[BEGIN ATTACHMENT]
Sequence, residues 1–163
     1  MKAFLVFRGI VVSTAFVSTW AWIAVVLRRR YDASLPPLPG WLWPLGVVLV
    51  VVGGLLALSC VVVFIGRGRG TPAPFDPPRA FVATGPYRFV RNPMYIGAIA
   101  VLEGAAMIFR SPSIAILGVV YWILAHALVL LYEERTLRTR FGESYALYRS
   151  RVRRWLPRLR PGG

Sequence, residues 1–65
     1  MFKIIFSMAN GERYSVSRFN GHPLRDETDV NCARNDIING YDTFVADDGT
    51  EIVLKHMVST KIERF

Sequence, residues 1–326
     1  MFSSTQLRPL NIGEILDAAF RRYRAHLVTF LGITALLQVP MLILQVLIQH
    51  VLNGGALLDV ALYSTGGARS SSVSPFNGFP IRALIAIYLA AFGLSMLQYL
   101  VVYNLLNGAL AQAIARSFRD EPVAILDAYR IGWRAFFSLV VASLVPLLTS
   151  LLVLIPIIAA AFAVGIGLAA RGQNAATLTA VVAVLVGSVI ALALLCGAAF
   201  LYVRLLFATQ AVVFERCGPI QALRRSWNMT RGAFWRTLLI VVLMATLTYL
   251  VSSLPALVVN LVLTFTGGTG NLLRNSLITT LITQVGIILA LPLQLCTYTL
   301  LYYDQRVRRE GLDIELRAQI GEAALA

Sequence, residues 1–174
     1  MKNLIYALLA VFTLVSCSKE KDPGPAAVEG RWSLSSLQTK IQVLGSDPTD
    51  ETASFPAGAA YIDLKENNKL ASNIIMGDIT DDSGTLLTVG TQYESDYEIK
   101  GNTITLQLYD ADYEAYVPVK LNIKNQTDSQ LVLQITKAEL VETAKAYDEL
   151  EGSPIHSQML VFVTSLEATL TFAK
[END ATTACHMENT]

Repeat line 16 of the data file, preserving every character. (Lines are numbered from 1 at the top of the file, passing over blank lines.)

   301  LYYDQRVRRE GLDIELRAQI GEAALA